The following topics related to radionuclide transport in the vicinity of the repository in the 1996 performance assessment for the Waste Isolation Pilot Plant are presented (1) mathematical description of models, (2) uncertainty and sensitivity analysis results arising from subjective (i.e., epistemic) uncertainty for individual releases, (3) construction of complementary cumulative distribution functions (CCDFs) arising from stochastic (i.e., aleatory) uncertainty, and (4) uncertainty and sensitivity analysis results for CCDFs. The presented results indicate that no releases to the accessible environment take place due to radionuclide movement through the anhydrite marker beds, through the Dewey Lake Red Beds or directly to the surface, and also that the releases to the Culebra Dolomite are small. Even when the effects of uncertain analysis inputs are taken into account, the CCDFs for release to the Culebra Dolomite fall to the left of the boundary line specified in the US Environmental Protection Agency's standard for the geologic disposal of radioactive waste (40 CFR 191, 40 CFR 194).

STOCKMAN,CHRISTINE T.; GARNER,J.W.; HELTON,JON CRAIG; JOHNSON,JAY DEAN; SHINTA,A.; SMITH,L.N.

2000-05-22T23:59:59.000Z

290

Combining scenarios in a calculation of the overall probability distribution of cumulative releases of radioactivity from the Waste Isolation Pilot Plant, southeastern New Mexico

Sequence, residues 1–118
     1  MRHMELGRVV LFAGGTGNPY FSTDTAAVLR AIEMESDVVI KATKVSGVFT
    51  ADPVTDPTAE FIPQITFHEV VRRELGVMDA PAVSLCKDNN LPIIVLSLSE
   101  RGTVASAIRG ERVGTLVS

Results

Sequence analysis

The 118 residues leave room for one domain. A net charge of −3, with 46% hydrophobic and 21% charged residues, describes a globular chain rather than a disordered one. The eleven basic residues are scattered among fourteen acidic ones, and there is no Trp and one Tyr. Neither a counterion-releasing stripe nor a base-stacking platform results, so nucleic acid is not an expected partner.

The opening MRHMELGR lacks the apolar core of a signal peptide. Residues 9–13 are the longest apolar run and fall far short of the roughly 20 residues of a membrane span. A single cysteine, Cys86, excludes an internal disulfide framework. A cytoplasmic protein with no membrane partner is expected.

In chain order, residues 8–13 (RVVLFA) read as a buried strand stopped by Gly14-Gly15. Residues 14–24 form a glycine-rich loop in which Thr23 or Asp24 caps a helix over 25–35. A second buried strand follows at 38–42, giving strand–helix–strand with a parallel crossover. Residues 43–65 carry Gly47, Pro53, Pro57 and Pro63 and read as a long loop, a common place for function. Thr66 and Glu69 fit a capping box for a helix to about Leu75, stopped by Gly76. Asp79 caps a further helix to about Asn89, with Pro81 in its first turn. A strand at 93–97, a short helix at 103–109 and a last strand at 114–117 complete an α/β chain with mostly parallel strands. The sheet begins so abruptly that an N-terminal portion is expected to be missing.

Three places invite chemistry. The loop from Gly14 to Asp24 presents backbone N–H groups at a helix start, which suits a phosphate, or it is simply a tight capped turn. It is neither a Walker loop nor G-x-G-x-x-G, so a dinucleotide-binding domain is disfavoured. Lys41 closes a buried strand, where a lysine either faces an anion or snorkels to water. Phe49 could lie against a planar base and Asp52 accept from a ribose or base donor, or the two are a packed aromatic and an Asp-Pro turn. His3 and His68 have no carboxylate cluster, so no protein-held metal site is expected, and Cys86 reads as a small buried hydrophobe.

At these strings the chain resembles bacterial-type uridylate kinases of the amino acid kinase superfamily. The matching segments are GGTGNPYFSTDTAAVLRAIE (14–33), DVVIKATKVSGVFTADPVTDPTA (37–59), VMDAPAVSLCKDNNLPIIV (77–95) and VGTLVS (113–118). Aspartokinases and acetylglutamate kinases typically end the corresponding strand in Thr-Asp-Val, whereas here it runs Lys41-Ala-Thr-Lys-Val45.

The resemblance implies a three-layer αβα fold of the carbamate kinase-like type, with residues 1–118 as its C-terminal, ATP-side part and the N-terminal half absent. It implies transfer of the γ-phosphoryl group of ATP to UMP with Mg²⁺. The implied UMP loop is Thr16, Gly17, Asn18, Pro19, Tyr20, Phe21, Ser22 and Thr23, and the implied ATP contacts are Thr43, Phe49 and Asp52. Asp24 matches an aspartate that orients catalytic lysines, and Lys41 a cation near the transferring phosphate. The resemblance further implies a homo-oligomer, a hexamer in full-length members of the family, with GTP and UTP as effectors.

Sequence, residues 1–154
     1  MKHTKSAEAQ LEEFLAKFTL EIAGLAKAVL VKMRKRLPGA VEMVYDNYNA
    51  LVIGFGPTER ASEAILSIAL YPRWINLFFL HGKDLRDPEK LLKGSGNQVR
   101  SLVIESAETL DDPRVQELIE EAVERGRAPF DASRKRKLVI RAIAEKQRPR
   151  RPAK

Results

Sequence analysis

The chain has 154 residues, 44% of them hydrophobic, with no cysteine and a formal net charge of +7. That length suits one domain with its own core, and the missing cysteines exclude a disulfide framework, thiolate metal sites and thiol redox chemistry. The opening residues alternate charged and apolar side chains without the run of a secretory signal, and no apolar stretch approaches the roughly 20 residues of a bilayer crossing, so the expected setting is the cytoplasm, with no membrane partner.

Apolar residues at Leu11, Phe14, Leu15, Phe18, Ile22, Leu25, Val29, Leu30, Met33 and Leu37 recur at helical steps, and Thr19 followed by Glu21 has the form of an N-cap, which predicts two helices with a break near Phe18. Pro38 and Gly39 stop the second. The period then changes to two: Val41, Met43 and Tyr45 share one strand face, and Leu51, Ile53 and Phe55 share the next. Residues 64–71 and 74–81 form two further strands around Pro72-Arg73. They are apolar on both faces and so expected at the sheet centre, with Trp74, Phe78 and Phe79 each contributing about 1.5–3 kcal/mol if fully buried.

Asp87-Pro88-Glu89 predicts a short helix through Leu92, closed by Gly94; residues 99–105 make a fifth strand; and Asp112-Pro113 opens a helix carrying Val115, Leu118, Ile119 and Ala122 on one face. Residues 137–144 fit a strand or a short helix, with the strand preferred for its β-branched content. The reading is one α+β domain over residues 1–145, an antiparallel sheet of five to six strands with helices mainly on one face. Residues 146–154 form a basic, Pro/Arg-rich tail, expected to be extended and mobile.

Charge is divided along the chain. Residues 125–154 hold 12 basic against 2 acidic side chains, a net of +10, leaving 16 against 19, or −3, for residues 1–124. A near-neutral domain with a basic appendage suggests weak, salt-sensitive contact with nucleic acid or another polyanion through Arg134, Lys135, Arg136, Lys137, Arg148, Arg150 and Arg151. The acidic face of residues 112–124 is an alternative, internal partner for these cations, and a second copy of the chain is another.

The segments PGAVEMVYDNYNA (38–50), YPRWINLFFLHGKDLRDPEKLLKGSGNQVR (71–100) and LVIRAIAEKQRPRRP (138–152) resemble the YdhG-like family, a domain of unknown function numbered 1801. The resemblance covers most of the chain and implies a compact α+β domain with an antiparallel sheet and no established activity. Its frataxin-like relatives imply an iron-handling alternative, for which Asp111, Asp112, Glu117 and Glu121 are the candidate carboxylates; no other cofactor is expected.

SciTech Connect (OSTI)

The Waste Isolation Pilot Plant (WIPP), in southeastern New Mexico, is a research and development facility to demonstrate safe disposal of defense-generated transuranic waste. The US Department of Energy will designate WIPP as a disposal facility if it meets the US Environmental Protection Agency's standard for disposal of such waste; the standard includes a requirement that estimates of cumulative releases of radioactivity to the accessible environment be incorporated in an overall probability distribution. The WIPP Project has chosen an approach to calculation of an overall probability distribution that employs the concept of scenarios for release and transport of radioactivity to the accessible environment. This report reviews the use of Monte Carlo methods in the calculation of an overall probability distribution and presents a logical and mathematical foundation for use of the scenario concept in such calculations. The report also draws preliminary conclusions regarding the shape of the probability distribution for the WIPP system; preliminary conclusions are based on the possible occurrence of three events and the presence of one feature: namely, the events attempted boreholes over rooms and drifts,'' mining alters ground-water regime,'' water-withdrawal wells provide alternate pathways,'' and the feature brine pocket below room or drift.'' Calculation of the WIPP systems's overall probability distributions for only five of sixteen possible scenario classes that can be obtained by combining the four postulated events or features.